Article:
Even as Asean goes about forming the Asean Community in 2015, a major regional controversy is brewing in the Mekong Delta, where a Malaysian firm Mega First Corporation Bhd plans to build a 256MW dam.
A few news items caught my attention recently.
The first one is datelined Bukit Mertajam, the link for which I put up recently:
The United States recently downgraded Malaysia and three other countries to Tier 3 – the lowest possible ranking – in its annual Trafficking of Persons (TIP) Report due to insufficient action taken to prevent human trafficking and forced labour. We are in the same group as Zimbabwe, North Korea and Saudi Arabia! See this Guardian report: ‘US penalises Malaysia for shameful human trafficking record’.
And the second revelation is about dead bodies, some of them reportedly foreigners, found dumped in and around the Bukit Mertajam area:
While the authorities are busy investigating nudists scampering around at Teluk Kampi, an even more outrageous saga is taking place under our nose.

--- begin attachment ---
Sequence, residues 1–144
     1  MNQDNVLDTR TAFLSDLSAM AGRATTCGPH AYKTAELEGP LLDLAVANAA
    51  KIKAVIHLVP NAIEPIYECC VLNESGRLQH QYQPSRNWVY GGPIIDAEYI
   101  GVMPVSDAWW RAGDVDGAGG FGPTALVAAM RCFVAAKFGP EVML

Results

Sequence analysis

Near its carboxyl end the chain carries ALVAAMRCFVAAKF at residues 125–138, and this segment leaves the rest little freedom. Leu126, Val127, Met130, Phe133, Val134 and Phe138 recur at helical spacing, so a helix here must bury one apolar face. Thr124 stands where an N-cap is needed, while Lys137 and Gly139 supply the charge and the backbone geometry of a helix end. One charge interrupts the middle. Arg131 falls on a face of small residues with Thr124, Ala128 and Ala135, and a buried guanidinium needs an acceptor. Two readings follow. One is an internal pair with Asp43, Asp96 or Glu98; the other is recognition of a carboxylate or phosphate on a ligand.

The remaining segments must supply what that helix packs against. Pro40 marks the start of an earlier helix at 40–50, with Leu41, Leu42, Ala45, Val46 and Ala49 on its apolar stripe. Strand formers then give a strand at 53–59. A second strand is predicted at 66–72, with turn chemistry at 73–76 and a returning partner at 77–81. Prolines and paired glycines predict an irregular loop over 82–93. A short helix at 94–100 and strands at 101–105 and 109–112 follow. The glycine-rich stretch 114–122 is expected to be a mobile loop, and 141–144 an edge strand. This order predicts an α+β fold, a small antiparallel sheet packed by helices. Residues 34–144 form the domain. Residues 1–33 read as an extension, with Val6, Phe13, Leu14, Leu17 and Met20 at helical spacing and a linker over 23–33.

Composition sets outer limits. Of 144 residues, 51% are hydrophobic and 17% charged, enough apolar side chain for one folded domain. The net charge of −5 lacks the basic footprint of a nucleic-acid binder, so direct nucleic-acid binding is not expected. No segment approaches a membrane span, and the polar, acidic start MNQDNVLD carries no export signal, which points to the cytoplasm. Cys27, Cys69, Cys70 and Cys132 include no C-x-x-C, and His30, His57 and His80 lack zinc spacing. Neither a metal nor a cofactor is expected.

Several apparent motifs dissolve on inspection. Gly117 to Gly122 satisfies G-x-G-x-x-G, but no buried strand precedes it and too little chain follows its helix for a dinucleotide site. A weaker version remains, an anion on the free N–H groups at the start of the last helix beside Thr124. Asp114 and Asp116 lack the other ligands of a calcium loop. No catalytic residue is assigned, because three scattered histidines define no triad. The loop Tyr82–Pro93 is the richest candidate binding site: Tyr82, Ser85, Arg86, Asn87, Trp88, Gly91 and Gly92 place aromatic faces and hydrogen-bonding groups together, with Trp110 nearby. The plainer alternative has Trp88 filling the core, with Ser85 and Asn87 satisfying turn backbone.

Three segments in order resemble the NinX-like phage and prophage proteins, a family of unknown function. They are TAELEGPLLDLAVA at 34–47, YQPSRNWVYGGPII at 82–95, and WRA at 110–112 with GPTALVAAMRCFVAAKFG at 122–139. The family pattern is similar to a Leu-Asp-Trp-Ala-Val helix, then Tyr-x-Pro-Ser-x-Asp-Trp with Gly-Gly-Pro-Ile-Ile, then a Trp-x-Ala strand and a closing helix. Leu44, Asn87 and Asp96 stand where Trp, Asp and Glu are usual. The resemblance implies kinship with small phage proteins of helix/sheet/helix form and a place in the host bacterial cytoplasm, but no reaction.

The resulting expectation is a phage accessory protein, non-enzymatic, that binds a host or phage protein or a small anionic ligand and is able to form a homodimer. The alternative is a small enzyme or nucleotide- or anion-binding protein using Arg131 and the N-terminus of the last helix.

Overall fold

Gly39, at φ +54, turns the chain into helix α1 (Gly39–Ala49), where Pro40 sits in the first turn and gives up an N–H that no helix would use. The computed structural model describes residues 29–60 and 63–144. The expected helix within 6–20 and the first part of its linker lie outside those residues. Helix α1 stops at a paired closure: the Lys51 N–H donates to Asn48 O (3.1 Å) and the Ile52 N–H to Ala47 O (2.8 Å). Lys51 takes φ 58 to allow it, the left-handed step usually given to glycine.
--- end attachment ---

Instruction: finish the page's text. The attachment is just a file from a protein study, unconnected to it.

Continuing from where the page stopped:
Don’t discriminate. Instead, treat people as you would like to be treated, says Obama, in a message to youth that strikes close to home.
I came across this eye-witness account of the scene around KL during then US president Lyndon Johnson’s visit to Malaysia on 30 October 1966. His visit to Malaysia took place a year after the United States deployed regular combat troops to Vietnam, following its stepped up involvement after the Gulf of Tonkin incident in 1964. Apart from Malaysia, his tour of South-East Asia took him to Vietnam, Thailand, and the Philippines. In next-door Indonesia, in the transition to US-backed Suharto’s New Order regime, a massive anti-communist purge that killed over 500000 people had subsided by March 1966. (more…)